When I first saw the headlines about a mom in Utah who bought out a store’s inventory of certain shirts because she found them offensive, I was ready to roll my eyes. As a longtime writer, I’m no fan of censorship, whether it’s mandated by a government or somehow enforced by an individual person or group.
But the more I read about it, the more I began to see things in a different light. For one thing, what this woman did was an attempt to censor material targeting minors — PacSun’s apparel is largely aimed at teens — and that’s not so different from other protections for children, such as limiting what films they’re allowed to see in theaters, for instance. Censorship is always a slippery slope, however, so I still feel it necessary to handle the subject with kid gloves — more on that later.
There is something, however, I can say about this issue with total confidence: The mom’s strategy was brilliant.
Here’s what happened: Judy Cox and her teenage son were shopping last weekend at a mall in Orem, Utah when they saw a PacSun store window display of T-shirts that “featured scantily-dressed models in provocative poses,” The Daily Herald, in Provo, Utah, reported. Offended by the shirts, Cox complained to the store manager. The store manager, Cox told the newspaper, was sympathetic, but said she’d need to get permission from PacSun’s corporate office to take down the display.
For Cox, that wasn’t good enough. So she opened her wallet and shelled out $567 to buy the store’s entire remaining supply of so-called “Visual” T-shirts — the ones with the imagery that had upset her so. She said she planned to return the shirts “on day 59 of a 60-day return policy.”
If Cox had just written a strongly-worded letter to PacSun headquarters or had begun a petition, I probably wouldn’t be writing about her right now. Instead, her very unique form of protest caught the attention of not just her local newspaper, but the national media. This is why it was a brilliant move: it brought tons of attention to her cause and, given her plans to return the shirts, it did so at virtually no expense.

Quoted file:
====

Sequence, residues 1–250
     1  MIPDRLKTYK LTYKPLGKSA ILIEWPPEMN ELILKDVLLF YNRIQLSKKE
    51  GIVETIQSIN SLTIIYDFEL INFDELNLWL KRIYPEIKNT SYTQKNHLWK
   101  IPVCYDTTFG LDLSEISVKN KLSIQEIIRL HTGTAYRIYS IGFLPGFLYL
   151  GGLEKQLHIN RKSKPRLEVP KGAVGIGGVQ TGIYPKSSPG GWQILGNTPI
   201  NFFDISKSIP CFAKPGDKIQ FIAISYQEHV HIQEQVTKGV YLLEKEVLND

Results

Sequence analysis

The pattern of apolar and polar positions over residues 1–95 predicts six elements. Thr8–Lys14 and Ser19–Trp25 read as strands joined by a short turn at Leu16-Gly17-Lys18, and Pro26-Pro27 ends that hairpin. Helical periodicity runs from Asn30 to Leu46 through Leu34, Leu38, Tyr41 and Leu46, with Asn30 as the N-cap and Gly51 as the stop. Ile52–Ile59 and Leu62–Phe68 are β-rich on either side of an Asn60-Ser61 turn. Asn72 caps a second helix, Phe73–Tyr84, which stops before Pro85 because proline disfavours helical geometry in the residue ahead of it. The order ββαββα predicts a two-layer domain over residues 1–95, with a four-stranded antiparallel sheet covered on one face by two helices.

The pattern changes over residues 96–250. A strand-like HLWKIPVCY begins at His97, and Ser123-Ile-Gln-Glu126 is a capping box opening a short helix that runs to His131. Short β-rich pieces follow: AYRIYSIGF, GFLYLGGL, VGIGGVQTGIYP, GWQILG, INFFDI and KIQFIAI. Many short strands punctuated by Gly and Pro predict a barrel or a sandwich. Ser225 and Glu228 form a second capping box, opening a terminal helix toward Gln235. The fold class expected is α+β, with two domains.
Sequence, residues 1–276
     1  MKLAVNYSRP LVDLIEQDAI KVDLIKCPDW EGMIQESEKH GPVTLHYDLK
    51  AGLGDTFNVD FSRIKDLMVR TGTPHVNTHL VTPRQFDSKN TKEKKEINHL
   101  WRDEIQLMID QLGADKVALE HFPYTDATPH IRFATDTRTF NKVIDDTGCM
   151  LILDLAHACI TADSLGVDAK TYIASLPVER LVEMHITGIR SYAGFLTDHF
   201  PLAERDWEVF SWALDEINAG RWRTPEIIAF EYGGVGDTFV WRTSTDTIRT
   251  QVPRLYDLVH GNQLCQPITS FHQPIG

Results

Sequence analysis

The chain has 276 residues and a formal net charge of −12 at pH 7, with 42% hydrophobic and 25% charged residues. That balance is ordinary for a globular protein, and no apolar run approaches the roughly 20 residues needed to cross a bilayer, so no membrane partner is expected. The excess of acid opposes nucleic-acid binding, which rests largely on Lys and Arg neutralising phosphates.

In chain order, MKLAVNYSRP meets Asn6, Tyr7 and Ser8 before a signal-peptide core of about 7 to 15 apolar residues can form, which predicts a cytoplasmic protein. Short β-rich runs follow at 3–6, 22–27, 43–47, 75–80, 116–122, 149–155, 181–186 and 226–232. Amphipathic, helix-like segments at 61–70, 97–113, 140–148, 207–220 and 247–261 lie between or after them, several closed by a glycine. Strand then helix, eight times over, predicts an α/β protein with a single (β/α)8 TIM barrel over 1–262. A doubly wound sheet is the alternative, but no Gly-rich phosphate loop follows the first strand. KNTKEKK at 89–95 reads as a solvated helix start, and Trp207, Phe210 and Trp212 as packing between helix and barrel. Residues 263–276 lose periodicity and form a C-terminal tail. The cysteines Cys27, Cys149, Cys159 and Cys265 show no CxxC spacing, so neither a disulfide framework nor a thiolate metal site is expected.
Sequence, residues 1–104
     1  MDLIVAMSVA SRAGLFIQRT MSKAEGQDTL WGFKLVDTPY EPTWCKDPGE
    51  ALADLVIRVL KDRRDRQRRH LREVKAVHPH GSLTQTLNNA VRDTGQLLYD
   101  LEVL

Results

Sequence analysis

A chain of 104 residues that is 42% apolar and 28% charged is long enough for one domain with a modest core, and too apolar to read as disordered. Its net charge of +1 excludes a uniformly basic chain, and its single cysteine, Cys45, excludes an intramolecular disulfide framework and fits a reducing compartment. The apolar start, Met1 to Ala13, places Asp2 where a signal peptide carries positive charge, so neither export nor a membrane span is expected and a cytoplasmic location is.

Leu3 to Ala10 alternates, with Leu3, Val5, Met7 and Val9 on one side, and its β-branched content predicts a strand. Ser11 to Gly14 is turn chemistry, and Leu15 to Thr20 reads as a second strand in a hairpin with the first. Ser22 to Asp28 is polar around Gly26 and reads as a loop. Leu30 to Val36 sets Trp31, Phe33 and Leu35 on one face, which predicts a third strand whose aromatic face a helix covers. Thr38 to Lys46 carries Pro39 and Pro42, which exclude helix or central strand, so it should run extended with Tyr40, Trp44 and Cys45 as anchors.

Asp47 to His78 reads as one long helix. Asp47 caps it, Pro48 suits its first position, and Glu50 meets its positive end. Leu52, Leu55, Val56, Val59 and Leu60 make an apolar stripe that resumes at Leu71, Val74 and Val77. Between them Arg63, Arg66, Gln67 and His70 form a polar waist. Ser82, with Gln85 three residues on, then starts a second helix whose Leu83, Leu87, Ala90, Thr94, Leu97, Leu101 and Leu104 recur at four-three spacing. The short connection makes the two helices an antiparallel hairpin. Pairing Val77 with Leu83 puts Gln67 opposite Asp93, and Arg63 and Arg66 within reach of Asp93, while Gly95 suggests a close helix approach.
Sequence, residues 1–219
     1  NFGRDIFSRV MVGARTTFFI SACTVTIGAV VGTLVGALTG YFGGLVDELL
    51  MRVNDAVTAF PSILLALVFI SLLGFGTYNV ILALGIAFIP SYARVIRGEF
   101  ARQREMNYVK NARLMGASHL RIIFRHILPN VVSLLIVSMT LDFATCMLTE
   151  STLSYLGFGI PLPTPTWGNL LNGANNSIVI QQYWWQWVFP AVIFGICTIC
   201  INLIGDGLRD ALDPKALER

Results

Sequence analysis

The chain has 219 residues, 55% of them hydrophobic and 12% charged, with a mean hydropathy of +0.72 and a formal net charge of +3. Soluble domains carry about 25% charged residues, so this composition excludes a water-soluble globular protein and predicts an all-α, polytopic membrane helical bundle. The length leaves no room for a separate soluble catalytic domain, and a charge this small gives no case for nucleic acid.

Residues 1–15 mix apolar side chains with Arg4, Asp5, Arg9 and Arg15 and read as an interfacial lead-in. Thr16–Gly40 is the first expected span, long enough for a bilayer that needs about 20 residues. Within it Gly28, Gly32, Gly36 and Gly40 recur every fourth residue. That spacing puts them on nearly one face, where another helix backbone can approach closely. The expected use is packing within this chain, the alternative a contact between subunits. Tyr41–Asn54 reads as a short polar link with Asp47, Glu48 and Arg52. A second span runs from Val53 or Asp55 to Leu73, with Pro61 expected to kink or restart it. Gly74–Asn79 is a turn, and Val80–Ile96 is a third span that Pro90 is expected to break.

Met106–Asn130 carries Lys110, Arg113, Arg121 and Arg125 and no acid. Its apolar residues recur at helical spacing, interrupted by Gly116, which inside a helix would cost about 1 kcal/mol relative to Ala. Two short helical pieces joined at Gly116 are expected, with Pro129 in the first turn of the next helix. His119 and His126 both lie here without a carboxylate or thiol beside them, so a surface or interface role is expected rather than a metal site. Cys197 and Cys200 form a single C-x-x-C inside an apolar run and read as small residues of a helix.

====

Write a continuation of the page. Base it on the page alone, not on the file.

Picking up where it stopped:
Cox, of course, had no idea her story would go viral.
“I thought this would be a nice local story for Orem,” she told The Daily Herald. “I was hoping someone may speak out. Clearly I didn’t think it would go this far.”
But did it go far enough? It seems that PacSun doesn’t plan on abandoning its “Visual” line.
“While customer feedback is important to us, we remain committed to the selection of brands and apparel available in our stores,” PacSun CEO Gary Schoenfeld said in the statement, according to The Associated Press.
I have to admit that the idea of adolescents running around wearing T-shirts of half-naked, bombshells makes me uncomfortable. How does what they see on those shirts affect their evolving perceptions of the female body? Does it add to the objectification of women overall? How do young girls feel when they see those images on their older brothers’ and classmates’ T-shirts? Does it skew their beliefs about what their own bodies should look like?
You could argue that, in the grand scheme of things, the shirts really don’t matter that much. Our children are bombarded with sexualized images every day on TV, in magazines, on billboards and yes, in storefront displays. That said, I think that for kids, there is a difference between seeing a picture-perfect, bikini-clad babe on the cover of Maxim when you walk by a newsstand and seeing her on your teenage neighbor’s outfit — in young minds, the latter may have much more staying power.
For her part, Cox isn’t just relying on her influence as a consumer; she’s apparently hoping that the T-shirts will be found in violation of city code. The AP reports that Orem, where most residents belong to The Church of Jesus Christ of Latter-day Saints, is in an “ultra-conservative” county that prohibits displaying “any material that appeals to a prurient interest in sex and depicts nudity, actual or simulated sexual conduct, sexual excitement, or sadomasochistic abuse.”
Invoking the law, in this case, is not something I can get on board with. The idea of bringing the government in to regulate public expression makes me very nervous. What might be targeted next? Will displays of yoga pants suddenly be banned too?
But I do think Cox is on to something, at least in terms of finding a smart way of putting pressure on a retail chain to consider its influence on young customers. T-shirts like those in question clearly speak to much more than just one’s sense of fashion. Sex will always sell — the question is, at what price?
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